“I want us all to think of the deeper questions – like how do we teach kids that it’s OK to fail? And how to learn from those failures instead of curling up in a fetal position? How do we teach their parents that it’s okay to fail?” – Thurgood Marshall Middle School principal Michelle Irwin, on creating a culture of excellence in schools.
As a parent, I love this quote and the point Irwin is making. Because no one is perfect, if you (or your child) are not failing at least some of the time that means you’re not trying.
Even labelling human endeavors “failures” should be challenged. As a wise man once said, “You call it failure; I call it a knowledge-building exercise.” If you don’t fail at times, you’re also missing opportunities to learn as much as you can about yourself, your limits and the world around you.
This conception of failure has obvious, straightforward implications in the world of electoral politics. Abraham Lincoln is usually cited as a paragon of perseverance who learned from his trials and tribulations. The advice to run again after a loss is generally sound, as long as the candidate learns the lessons taught by the campaign’s hard knocks.
But “failure” is extremely important when it comes to conducting good survey research. No large survey is a complete success. If it is, then your pollster isn’t trying hard enough.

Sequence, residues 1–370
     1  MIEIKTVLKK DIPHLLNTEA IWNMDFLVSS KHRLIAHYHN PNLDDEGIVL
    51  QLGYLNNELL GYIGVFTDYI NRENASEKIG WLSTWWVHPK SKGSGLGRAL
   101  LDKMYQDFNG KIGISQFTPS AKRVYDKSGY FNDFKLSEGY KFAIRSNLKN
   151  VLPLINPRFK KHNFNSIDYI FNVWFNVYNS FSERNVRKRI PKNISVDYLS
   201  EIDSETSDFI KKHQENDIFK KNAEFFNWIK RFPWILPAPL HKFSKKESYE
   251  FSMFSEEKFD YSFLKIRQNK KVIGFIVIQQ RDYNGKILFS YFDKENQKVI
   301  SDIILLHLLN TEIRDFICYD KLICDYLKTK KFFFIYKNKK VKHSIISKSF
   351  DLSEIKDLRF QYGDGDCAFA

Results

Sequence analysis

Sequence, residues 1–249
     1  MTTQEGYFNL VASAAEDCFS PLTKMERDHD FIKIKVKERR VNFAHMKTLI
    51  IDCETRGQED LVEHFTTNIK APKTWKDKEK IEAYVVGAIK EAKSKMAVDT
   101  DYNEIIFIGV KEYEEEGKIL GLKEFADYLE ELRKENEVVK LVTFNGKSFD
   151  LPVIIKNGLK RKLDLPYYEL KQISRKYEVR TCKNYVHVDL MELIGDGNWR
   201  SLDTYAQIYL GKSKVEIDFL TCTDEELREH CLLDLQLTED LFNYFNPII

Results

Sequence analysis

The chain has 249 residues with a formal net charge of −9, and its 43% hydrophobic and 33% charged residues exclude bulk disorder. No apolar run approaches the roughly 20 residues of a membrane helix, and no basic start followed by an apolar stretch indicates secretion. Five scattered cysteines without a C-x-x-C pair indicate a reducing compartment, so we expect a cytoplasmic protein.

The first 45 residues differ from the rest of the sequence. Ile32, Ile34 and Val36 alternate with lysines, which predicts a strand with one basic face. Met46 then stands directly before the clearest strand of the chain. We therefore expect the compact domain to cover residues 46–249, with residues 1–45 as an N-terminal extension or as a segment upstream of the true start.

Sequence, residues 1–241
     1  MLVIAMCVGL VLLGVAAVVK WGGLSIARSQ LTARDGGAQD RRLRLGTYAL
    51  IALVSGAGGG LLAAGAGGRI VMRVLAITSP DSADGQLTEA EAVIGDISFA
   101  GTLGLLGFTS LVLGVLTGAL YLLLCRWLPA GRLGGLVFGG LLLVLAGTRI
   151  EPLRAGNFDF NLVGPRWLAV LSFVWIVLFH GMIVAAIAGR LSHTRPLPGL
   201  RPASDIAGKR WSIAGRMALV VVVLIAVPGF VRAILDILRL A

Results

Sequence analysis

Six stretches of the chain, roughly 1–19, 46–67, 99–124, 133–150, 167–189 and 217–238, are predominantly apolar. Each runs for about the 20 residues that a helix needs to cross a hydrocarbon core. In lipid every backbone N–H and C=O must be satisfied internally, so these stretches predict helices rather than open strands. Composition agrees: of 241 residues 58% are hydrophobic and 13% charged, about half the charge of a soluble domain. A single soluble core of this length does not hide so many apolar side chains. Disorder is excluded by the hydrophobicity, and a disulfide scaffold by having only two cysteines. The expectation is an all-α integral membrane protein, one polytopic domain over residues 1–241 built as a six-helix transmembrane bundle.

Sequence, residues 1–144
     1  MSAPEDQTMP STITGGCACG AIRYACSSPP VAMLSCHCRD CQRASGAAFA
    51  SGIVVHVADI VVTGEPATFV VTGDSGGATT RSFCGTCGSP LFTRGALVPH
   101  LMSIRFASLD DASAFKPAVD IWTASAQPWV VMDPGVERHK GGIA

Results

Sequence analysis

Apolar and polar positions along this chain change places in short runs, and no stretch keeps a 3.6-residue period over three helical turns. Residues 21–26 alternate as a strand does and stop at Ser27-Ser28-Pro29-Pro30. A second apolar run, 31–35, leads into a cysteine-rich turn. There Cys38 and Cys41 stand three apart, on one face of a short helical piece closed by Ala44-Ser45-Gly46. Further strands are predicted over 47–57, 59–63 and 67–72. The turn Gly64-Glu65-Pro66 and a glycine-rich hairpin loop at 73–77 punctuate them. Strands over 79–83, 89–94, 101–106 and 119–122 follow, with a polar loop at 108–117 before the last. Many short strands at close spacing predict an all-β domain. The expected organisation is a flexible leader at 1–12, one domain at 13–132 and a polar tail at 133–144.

Let me explain. Any benchmark survey is embedded with dozens of hypotheses which we turn into questions. Whether these hypotheses come from focus groups, opposition research, or from the minds of the campaign’s inner circle, the best of them make it into the benchmark survey because its main goal should be to explain why opinions are the way they are.
Example: why do we ask about the importance of crime? It’s only partly to see how important crime is to voters, but it is far more critical to determine whether the importance of crime significantly relates to the electorate’s opinion of the candidate. Therefore, the question about crime is in the survey to test a hypothesis (whether the pollster states it like that or not).
The same thing goes for message testing. Usually the only good reason for inserting a message-testing question is because we think it might move voters. Voila, a hypothesis is being tested.
Now,not every hypothesis can be right. In any benchmark poll I’ll test 40 or more hypotheses, but rigorous analysis will show, at most, ten factors (questions) actually relate to voter opinion. So hypotheses “fail” roughly five times more often than they succeed.
Should we stop hypothesizing because of the failure rate? No. We should always work hard to come up with better questions, but we should never stop asking them. Failure is the natural residue of trying. It’s a good thing as long as we learn to learn from it.